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Brain scans reveal that people who are better at losing weight have more activity in regions of the brain associated with self-control, a small new study reports.
Teaching people to trigger their brain's self-control centers could be a key factor in losing weight and keeping it off, said senior researcher Dr. Alain Dagher. He's a neurologist with McGill University's Montreal Neurological Institute in Canada.
Dieting is a brawl between two different regions of the brain, Dagher said.
Weight loss causes the body to signal that there's an energy deficit, activating a region of the brain associated with motivation and desire, he said. That region -- the ventromedial prefrontal cortex -- promotes hunger pangs in response.
But there's a counterbalancing force, another section of the brain that promotes self-control, called the lateral prefrontal cortex.
"It's a struggle, and we're doing brain imaging of that struggle, the struggle between the desire to lose weight and the desire to eat tasty food," Dagher said.
For the study, Dagher and his colleagues took brain scans of 24 people enrolled in a 1,200 calorie-per-day diet at a weight-loss clinic. One brain scan took place before starting the diet, another one month into the diet, and a third at three months.
"We showed them appetizing pictures of food and measured the brain response to these pictures," which naturally triggered the motivation region of the brain, Dagher said.
People who lost the most weight also displayed increased activity in the brain regions that promote self-control, overriding the hunger signals from the motivation centers, the researchers said.
According to Dr. Jeffrey Zigman, an endocrinologist with UT Southwestern Medical Center in Dallas, "Those people who achieved greater weight loss had a greater activation of brain regions that are involved in self-regulation, which might suggest they are better able to self-control their food intake."
In addition, Zigman said, "It seemed to indicate that in people who regained weight further down the line, those areas of the brain were not as active. It does suggest that a person's ability to activate those areas of the brain involved in cognitive control or self-regulation did better with achieving greater weight loss."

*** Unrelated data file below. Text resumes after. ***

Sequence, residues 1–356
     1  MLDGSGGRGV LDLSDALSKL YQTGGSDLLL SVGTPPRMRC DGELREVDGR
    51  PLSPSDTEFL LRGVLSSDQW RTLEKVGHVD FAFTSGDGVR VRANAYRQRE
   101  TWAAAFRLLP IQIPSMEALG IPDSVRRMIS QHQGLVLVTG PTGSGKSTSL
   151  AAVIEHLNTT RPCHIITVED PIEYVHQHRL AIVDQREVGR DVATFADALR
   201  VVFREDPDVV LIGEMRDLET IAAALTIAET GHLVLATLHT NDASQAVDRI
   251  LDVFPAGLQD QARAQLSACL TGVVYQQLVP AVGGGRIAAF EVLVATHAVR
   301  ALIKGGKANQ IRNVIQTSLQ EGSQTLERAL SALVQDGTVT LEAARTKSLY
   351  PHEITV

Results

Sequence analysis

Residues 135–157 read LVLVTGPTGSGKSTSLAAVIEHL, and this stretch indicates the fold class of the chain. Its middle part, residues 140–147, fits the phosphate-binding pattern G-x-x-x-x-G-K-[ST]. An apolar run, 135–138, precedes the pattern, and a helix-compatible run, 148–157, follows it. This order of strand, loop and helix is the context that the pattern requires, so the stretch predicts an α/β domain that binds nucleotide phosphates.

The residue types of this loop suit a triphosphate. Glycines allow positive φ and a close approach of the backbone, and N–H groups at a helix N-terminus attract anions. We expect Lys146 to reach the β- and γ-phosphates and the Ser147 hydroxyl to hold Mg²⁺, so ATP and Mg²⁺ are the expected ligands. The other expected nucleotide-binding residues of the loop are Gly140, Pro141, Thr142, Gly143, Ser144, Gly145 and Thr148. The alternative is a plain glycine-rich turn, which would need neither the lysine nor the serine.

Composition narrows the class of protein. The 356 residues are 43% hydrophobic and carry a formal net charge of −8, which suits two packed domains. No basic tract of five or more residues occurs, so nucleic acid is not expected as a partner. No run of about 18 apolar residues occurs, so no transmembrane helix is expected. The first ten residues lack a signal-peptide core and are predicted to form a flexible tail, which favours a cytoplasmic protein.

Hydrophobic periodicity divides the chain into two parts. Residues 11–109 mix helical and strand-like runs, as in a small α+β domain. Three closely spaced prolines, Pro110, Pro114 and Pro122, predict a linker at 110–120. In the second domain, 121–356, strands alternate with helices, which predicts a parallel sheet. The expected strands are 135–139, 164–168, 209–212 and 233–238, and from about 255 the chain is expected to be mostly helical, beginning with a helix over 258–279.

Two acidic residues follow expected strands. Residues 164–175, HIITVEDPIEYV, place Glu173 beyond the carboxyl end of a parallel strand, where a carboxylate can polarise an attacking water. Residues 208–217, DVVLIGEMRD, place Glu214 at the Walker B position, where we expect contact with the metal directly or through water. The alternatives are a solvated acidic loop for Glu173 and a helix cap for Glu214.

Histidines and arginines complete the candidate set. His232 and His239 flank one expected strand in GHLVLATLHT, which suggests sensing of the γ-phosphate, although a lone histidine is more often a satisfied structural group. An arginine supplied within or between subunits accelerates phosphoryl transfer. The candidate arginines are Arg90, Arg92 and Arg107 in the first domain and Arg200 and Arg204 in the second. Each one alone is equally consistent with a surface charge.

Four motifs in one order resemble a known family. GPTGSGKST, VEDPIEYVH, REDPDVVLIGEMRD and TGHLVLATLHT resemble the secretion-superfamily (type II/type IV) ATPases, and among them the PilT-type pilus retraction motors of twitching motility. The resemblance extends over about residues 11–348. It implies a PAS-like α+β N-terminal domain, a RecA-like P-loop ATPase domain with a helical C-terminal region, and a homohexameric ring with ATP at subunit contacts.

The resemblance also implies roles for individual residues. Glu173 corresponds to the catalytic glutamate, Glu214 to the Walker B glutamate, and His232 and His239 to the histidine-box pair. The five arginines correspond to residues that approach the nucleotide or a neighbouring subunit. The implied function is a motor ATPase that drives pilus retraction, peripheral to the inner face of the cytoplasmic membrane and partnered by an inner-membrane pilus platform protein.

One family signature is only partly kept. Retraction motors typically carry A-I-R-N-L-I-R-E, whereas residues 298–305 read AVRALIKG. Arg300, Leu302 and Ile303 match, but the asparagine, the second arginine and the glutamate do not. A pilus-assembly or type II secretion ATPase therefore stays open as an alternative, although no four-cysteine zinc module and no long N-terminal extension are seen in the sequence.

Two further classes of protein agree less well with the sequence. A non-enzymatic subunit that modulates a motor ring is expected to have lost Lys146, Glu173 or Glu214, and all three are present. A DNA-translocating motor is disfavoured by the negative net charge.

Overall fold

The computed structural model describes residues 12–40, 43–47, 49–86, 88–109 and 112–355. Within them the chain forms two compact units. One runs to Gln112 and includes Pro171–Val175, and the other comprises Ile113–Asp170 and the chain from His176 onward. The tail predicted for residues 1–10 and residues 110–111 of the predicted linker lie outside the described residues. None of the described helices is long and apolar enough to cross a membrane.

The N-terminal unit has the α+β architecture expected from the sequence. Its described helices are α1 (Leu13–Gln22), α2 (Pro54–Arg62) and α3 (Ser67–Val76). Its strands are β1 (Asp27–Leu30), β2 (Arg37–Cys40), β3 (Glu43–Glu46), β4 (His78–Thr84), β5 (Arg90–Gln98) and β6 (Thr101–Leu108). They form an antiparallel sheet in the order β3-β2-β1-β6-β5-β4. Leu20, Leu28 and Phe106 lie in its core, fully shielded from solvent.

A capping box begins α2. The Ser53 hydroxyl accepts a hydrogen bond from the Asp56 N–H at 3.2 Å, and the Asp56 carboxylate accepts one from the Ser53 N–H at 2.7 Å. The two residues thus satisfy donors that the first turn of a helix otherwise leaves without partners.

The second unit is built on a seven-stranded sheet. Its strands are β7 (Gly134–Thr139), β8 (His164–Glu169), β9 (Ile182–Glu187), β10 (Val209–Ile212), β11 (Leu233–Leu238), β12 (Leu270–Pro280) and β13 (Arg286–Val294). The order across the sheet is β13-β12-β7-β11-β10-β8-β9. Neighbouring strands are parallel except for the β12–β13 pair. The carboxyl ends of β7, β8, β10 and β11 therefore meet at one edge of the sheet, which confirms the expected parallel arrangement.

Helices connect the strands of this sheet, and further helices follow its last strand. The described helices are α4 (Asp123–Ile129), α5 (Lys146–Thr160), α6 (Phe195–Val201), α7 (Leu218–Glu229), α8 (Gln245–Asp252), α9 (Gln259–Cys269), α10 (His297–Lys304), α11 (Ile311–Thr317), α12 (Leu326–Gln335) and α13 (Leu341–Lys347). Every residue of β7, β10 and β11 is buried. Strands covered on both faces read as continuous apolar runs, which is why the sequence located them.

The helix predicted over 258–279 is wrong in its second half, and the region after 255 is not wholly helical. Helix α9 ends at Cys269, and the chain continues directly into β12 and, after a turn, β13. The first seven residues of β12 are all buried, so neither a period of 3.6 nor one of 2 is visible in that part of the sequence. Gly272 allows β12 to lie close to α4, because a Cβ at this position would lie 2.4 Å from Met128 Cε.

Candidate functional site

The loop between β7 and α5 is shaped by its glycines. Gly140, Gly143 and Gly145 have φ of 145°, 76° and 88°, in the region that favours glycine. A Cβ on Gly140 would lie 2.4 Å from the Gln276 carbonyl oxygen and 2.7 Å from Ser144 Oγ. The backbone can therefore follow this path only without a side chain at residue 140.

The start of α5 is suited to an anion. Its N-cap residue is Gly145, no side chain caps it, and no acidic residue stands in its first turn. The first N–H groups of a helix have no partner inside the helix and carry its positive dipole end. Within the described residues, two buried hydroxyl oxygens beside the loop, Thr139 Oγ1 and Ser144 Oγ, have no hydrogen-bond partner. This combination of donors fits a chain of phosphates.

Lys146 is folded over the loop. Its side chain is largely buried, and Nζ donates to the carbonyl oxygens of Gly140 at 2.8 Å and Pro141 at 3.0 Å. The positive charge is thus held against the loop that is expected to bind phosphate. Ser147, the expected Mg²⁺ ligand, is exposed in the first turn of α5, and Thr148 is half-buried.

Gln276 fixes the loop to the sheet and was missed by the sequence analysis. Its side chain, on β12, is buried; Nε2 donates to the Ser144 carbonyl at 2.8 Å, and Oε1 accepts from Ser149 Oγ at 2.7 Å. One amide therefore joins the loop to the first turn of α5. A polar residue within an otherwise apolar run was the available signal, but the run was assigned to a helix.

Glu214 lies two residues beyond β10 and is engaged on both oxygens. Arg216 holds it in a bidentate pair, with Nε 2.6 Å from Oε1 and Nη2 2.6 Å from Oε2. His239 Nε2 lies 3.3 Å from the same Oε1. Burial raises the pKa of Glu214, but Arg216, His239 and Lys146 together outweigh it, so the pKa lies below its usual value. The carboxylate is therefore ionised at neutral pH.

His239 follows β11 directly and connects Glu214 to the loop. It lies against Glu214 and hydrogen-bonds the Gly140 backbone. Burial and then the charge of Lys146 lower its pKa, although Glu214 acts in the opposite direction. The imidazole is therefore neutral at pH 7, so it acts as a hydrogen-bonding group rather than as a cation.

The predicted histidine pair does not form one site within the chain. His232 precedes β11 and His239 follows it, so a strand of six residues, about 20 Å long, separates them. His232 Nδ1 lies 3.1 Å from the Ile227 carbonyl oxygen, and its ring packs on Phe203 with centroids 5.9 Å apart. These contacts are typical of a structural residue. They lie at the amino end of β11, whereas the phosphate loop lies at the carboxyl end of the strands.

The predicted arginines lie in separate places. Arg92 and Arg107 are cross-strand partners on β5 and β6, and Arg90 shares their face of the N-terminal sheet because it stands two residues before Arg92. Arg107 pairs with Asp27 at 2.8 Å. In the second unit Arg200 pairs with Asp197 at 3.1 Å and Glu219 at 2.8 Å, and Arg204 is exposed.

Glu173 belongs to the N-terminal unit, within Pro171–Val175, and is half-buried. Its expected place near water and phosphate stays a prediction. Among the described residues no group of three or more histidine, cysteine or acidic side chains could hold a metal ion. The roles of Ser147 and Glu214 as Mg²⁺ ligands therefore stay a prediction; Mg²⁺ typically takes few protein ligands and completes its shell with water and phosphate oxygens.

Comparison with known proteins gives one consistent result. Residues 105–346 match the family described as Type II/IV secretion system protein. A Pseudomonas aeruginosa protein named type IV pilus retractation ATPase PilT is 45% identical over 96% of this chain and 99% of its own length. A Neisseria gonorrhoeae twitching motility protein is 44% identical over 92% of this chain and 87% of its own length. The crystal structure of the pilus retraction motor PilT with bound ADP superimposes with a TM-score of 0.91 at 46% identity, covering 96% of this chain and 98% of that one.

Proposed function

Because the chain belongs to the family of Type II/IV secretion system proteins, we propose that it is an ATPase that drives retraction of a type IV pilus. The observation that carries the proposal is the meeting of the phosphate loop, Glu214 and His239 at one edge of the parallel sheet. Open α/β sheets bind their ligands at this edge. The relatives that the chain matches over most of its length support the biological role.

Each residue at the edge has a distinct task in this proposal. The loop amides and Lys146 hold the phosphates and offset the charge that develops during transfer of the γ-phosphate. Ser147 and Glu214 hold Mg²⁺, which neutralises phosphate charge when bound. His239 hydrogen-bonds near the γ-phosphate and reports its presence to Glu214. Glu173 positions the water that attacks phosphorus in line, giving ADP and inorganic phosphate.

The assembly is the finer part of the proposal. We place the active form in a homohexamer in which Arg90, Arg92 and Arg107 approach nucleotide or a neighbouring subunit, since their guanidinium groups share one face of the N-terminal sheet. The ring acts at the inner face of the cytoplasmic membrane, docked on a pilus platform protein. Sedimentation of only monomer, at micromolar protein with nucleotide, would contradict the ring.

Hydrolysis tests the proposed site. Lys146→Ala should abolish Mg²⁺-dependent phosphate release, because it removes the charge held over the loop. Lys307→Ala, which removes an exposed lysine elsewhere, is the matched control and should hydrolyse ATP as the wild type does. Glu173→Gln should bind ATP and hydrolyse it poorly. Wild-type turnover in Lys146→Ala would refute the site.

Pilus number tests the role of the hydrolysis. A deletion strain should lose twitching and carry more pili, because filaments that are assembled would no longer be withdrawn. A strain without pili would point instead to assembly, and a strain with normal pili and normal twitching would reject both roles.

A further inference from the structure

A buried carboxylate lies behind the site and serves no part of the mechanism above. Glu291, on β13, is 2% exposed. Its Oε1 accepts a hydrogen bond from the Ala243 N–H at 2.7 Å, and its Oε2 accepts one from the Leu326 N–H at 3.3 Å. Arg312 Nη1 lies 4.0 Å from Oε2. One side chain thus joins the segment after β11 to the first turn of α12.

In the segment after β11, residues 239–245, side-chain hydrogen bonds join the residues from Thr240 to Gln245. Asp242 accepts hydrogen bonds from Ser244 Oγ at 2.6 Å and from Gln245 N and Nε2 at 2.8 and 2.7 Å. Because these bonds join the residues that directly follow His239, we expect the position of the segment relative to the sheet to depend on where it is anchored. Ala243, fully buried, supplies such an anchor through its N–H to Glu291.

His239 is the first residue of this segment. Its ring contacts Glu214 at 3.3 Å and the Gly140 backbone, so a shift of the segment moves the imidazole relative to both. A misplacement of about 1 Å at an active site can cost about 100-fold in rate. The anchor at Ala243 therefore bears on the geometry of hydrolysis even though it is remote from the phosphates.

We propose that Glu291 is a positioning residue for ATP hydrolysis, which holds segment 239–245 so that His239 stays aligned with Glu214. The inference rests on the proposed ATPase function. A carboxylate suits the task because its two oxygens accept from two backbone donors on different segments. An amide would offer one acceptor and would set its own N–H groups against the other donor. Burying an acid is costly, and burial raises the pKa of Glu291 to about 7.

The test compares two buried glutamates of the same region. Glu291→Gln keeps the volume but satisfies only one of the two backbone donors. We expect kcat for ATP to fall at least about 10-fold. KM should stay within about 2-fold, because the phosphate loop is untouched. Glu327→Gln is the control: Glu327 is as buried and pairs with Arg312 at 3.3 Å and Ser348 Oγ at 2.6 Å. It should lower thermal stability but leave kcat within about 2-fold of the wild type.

Dagher noted that it isn't as simple as saying that some people are better wired to maintain a healthy weight, since many factors can influence how well the self-control center functions.
For example, stress tends to cause a person's self-control systems to fail, Dagher said.
"It's possible people who had less success were more stressed. Events in their lives conspired to make it difficult for them to activate those brain regions," he said.
Effective weight-loss plans might need to include treatments that promote self-control, such as cognitive behavioral therapy, Dagher suggested.
"People will say, 'I tend to overeat in this situation.' You train people to understand that and to engage an automatic system of response," Dagher said. "I know when I'm stressed I eat junk food, so I'm going to have another plan. Whenever I'm stressed and I have a craving for junk food, I'm going to have a healthy snack instead. You can actually train people to automatically enact those sort of plans."
Even better might be a combination of such therapy with medications that control hunger hormones, Dagher added.
However, Zigman said, it could be difficult for dieters to find a qualified cognitive behavioral therapist to help them lose weight.
"It's often the case, unfortunately, that those types of therapies are not easily available to people," Zigman said. "It's very difficult to make those types of changes, but this suggests it might be worth people's while to try to seek out those sort of behavioral treatments."
The study was published online Oct. 18 in the journal Cell Metabolism.
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